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Hidden Bridges

Amalgam Brewing — Denver, CO

Barrel-Aged Saison The partnership between Westbound & Down and Amalgam seems to have been mutually beneficial for both breweries. This year, the two Colorado breweries produced some of the best beer we drank, which is why Westbound & Down earned a “Best Brewery of 2019” nod. But, if we had to pick just one beer to drink from either brewery, it’d have to be Hidden Bridges, a barrel-aged saison blended with apricots and dry-hopped with Mosaic. It was tart, fruity, estery, and refreshing. Like the best saisons, it’s a pleasant drinking experience on its own and it’ll hold up to a hearty meal.

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Lines Dissecting

Yeast of Eden + Council Brewing Co. — Carmel-by-the-Sea, CA + San Diego, CA

Oak-Aged Mixed-Culture Lager You might be wondering what an “oak-aged mixed culture lager” tastes like. In one word: delicious. But, what it really means is that Yeast of Eden, the exciting side project of Alvarado Street, is down to get funky. The base lager went through a clean, “normal” fermentation before spending twelve months in oak barrels with a mix of cultures from Council Brewing and Yeast of Eden. The final product was like a cross between a saison and a lager. We found some notes of floral funk as well as freshly baked bread. It had a beautiful acidity and effervescence that left us wanting another bottle.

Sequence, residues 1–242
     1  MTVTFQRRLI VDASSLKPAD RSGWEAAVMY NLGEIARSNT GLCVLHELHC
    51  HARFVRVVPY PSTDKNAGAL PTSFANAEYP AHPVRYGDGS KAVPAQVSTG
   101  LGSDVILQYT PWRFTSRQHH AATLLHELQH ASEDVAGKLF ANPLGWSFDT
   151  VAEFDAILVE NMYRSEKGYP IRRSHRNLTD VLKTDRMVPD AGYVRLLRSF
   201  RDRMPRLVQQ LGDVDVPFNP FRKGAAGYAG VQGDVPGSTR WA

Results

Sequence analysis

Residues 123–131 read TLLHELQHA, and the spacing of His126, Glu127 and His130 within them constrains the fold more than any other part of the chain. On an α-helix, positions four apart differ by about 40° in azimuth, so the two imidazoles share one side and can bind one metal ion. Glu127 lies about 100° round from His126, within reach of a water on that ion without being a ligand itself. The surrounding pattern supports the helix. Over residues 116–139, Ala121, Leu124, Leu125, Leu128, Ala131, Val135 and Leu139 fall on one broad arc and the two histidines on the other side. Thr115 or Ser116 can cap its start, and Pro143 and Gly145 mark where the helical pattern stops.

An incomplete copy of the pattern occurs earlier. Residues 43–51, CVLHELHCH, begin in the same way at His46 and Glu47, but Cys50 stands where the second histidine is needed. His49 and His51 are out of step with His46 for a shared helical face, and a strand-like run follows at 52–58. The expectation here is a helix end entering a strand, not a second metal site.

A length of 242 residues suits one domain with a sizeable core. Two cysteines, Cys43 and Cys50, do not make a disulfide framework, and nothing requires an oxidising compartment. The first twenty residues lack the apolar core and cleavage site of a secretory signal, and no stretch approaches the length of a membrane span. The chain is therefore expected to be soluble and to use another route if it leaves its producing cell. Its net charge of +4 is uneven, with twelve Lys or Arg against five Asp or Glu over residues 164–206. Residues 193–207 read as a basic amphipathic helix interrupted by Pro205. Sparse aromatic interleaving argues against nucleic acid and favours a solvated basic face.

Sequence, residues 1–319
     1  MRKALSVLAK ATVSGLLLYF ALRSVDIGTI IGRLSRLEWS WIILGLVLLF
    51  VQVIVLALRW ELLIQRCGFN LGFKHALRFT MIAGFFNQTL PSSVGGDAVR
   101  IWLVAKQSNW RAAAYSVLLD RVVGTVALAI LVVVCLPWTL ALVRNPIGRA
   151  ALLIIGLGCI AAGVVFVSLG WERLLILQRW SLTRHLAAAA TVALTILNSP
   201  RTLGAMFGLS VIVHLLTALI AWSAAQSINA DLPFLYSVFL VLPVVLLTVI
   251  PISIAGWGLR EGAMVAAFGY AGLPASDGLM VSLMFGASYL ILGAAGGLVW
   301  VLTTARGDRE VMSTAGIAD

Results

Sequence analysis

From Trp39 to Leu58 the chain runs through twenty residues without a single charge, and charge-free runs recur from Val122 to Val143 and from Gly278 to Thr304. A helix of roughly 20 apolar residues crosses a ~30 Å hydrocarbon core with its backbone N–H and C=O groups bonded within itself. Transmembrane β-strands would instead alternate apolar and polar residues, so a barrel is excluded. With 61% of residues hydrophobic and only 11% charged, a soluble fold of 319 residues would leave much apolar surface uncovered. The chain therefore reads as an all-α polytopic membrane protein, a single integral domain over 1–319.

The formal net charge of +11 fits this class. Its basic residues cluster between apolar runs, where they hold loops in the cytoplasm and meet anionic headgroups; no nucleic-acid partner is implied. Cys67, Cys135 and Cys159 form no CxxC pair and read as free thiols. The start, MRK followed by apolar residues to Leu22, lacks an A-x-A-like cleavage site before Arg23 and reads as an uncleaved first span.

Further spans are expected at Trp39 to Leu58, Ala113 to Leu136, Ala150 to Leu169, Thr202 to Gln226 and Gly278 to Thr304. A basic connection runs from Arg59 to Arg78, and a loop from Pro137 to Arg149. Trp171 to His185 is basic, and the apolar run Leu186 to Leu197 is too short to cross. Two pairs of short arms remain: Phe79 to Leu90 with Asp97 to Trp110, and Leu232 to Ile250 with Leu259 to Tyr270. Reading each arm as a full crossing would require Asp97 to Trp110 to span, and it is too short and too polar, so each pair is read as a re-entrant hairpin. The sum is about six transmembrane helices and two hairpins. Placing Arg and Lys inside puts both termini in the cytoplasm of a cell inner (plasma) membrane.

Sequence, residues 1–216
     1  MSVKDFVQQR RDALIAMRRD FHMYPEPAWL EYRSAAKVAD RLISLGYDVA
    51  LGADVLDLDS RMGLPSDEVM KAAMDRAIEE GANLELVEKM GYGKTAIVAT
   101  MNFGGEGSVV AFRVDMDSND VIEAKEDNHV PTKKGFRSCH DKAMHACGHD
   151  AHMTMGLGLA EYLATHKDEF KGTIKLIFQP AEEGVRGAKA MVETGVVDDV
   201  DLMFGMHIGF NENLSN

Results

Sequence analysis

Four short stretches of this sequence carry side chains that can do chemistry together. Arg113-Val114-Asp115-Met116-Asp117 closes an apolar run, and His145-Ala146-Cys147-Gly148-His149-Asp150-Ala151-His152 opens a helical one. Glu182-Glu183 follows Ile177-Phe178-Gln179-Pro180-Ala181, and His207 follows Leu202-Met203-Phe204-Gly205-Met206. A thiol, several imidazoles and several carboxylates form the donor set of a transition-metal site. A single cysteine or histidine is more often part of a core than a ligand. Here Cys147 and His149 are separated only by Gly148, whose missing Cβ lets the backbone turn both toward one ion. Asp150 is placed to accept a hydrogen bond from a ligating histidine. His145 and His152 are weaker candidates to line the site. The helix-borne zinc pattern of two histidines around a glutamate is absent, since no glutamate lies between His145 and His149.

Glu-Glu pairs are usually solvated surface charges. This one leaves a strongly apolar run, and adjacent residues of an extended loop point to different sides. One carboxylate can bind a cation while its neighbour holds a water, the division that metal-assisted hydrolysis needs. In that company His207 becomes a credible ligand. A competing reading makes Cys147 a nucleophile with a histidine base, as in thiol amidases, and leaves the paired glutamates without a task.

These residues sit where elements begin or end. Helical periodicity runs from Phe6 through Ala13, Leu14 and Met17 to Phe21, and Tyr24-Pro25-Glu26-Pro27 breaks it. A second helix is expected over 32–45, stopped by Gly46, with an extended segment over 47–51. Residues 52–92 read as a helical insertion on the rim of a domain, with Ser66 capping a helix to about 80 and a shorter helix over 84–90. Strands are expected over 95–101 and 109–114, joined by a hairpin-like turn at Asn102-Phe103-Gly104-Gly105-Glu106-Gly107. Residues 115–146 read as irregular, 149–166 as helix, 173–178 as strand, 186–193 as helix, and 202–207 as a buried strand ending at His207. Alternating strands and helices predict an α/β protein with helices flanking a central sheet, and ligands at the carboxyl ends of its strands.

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Troon Brewing — Hopewell, NJ

Kettle Sour Do you have post notifications turned on for Troon on Instagram? That’s likely the only way you’d be able to get beer on release day, short of moving in with founder and head brewer Alex Helms. Troon’s elusive releases are the result of a small brewhouse, an extremely talented duo of brewers, and the hype machine of Instagram. But, the final product undeniably speaks for itself. We happened to be spending an afternoon nearby at The Referend and, thanks to an Instagram alert, were able to drive over to Troon to secure a couple cans of this beer. Anthropophobia was a beautifully balanced kettle sour brewed with guava, passion fruit, and lactose. We only tried one Troon beer this year but after one sip it was obviously one of the best beers sampled in 2019.

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Forest & Main Brewing Co. — Ambler, PA

ESB Sure, we’ve talked a lot about fruited sours, pastry stouts, and hazy IPAs. We’ve even mentioned a few saisons and lagers. But here we get back to the basics. Forest & Main will always be among our favorite farmhouse ale brewers and don’t you dare skimp on their hoppy beers, but ESB was just a perfectly executed, traditional Extra Special Bitter. Drinkable with a bit of caramel sweetness and fruity spice, we’d happily drink ESB all year round.

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Pastry Waave!

Humble Sea Brewing Co. + Moksa Brewing Co. — Santa Cruz, CA + Rocklin, CA

Imperial Pastry Stout The true excellence of this beer was that it doesn’t take itself too seriously. That’s the Humble Sea motto. Pastry Waave! had huge vanilla and coffee notes and a tropical coconut backbone. And, in a sea of pastry stouts, this one rode the wave above the rest.